Shapeshifting is a stage manager’s secret weapon according to Donner. “I think that the traits that are really important for a stage manager to have include, first of all, the ability to adapt to change,” she explains. “A show can change direction at any given moment. A director may suddenly decide, ‘I need to do this completely differently.’ So, then I, as the stage manager, need never be resistant to that change, but work through it. It’s always important to remember that as stage manager, you have to look at the big picture of the show you’re working on. Every little piece of work you do, every little of piece your crew does, needs to be looked at through that lens—a collaborative contribution to the show as a whole. You have to have great communication skills to succeed as a stage manager. You must always think of yourself as the liaison to all the different parts of a production. You function as the person who holds all the moving parts of a show together.”

Remembering to Be Kind
Another key quality Donner applies to her work is compassion. “Dealing with performers, specifically, is a delicate job,” Donner explains. “When you have a performer you’re working with who may seem a little difficult, it’s key to remember that everyone is just a human being like you are. Performers, uniquely, put themselves out there to be judged. That is enormously fulfilling and enormously frightening at the same time. Maybe a performer is acting out because he or she is nervous. I always keep that in mind and put myself in that performer’s shoes. And you know, directors get nervous, too. When you approach a situation in which someone may be acting a little difficult, in whatever way they are expressing that, try to go in from a place of empathy. Working onstage and backstage means you’re working in a bizarre, crazy world at times—everyone feels that. You can assist in the best way if you try to be understanding.”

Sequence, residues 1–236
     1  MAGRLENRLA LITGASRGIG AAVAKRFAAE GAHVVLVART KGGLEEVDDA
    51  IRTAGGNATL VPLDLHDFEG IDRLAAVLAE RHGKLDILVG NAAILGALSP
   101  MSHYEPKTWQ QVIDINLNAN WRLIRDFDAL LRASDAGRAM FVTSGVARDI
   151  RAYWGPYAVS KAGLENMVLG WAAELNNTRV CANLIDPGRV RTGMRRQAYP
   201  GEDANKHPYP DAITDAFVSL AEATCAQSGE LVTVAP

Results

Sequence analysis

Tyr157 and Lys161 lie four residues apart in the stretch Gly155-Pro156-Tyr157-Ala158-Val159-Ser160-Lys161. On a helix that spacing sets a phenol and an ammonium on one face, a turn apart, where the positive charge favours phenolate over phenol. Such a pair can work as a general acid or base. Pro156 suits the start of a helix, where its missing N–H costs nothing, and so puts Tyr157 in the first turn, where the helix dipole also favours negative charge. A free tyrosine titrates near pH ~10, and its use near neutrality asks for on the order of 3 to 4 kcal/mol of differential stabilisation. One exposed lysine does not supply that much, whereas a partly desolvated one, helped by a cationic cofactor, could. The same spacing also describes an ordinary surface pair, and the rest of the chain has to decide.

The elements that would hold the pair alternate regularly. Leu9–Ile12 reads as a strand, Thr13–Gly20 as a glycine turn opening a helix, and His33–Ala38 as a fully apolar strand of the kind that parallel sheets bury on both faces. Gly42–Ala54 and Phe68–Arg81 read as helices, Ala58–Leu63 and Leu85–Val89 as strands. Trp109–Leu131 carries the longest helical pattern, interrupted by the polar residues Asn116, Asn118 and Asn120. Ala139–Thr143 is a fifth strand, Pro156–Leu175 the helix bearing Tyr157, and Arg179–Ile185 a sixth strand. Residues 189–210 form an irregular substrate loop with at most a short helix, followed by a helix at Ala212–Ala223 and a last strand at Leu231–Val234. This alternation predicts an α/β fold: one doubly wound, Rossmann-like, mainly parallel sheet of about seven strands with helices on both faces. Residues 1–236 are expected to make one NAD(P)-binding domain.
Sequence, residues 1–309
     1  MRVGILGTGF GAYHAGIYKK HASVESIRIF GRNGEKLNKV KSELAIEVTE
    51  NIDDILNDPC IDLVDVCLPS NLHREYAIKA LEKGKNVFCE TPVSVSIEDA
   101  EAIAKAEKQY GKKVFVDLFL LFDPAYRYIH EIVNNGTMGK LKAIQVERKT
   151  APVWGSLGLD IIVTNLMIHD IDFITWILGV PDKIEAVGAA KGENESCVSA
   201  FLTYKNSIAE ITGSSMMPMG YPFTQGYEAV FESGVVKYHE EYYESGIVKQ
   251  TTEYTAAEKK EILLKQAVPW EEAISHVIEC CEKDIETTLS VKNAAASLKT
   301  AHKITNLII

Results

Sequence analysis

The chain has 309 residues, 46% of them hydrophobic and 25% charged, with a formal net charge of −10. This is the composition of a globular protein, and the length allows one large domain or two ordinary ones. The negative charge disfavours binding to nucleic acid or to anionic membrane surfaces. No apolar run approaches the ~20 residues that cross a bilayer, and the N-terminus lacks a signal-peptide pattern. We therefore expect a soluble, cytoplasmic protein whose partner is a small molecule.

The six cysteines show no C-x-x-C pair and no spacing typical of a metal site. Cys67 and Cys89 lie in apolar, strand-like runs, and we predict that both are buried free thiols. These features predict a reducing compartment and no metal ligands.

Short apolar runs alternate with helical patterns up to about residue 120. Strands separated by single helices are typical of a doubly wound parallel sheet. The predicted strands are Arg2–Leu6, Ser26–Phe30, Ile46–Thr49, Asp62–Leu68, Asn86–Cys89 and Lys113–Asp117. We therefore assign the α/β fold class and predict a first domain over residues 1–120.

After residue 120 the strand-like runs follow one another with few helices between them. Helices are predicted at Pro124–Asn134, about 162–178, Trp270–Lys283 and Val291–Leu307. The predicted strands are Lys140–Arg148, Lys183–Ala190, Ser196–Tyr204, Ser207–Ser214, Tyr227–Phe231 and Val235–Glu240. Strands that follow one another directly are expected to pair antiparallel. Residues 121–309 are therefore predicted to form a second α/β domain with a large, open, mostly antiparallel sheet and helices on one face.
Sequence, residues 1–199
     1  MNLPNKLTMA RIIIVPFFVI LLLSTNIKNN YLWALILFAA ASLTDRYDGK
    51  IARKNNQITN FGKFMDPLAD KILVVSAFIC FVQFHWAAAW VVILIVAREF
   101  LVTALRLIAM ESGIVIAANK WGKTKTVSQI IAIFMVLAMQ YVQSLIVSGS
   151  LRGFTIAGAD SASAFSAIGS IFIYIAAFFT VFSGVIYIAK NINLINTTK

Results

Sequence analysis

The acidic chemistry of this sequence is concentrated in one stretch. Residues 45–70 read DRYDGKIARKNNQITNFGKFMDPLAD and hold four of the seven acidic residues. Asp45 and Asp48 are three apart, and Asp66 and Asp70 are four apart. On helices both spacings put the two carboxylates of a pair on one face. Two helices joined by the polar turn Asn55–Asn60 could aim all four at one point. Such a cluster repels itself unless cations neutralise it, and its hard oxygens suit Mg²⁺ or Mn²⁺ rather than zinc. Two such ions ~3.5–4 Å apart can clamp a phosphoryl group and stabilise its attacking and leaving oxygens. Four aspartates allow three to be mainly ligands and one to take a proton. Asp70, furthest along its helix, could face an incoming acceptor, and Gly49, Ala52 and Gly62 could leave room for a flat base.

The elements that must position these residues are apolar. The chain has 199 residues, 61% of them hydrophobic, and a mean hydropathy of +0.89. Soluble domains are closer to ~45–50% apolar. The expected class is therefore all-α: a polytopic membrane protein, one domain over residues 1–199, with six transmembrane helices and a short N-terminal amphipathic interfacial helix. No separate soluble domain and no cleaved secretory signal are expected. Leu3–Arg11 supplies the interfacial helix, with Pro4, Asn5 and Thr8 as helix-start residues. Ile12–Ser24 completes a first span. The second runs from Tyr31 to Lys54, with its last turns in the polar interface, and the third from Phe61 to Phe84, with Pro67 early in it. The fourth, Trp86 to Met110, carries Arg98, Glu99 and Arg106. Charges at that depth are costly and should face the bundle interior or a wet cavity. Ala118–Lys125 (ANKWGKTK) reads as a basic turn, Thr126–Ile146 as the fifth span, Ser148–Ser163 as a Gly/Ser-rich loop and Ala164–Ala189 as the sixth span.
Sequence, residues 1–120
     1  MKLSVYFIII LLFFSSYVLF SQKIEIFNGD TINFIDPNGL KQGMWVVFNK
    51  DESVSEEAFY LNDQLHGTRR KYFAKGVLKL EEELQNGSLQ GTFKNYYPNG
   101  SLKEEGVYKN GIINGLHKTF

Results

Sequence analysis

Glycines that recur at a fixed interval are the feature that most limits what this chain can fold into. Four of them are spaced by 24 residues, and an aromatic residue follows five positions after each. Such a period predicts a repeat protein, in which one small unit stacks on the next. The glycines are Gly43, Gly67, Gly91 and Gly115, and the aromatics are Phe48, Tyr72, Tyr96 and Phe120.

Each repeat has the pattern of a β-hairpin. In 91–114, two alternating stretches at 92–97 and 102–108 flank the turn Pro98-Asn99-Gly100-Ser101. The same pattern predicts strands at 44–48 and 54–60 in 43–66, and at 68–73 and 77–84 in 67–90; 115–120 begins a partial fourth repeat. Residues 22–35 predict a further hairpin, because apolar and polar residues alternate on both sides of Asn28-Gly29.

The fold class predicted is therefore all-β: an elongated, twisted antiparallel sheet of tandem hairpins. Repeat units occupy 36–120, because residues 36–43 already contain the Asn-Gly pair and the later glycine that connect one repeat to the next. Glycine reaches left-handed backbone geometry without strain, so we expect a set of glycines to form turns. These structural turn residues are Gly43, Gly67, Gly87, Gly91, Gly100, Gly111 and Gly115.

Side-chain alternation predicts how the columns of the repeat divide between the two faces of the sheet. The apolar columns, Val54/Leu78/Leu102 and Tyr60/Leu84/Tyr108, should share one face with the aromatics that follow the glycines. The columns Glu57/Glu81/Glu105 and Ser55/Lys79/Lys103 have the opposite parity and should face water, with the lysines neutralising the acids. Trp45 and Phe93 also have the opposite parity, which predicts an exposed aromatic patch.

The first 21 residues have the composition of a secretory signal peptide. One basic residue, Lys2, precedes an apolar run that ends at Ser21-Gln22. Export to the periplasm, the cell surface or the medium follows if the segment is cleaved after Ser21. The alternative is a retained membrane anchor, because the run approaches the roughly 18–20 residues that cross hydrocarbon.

When it comes to her key career milestones, Donner cites a production that required generosity of spirit, as well as adaptive skill. “One of my favorite things I’ve ever done was Der Ring des Nibelungen,” she recalls. “It was an enormous undertaking. Achim Freyer was the director—as a visual artist, he is very non-traditional. So again, this was an enormous technical undertaking, with an enormous raked stage. My team helped me so much, as we worked to help our director’s vision come to life. And that vision would change every day! So, every day, we would sit down and talk the changes out and work the changes out, with sweat and blood and tears and laughter, and we would make it happen. It’s amazing to me that everything worked so wonderfully. It all comes down to working together, to hard work, to handling things when something would happen we didn’t expect—which it did, at every performance! I am so proud of how we achieved what we did on that show.” 

Ultimately, it’s that kind of challenge that has kept her as excited about her work today as she was when she was that young opera performer. It all goes back to the fact that you have to love what you do,” she concludes. “I’ve worked with wonderful people, from directors to conductors to my ASMs and assistant directors—that in itself has made my work amazing.”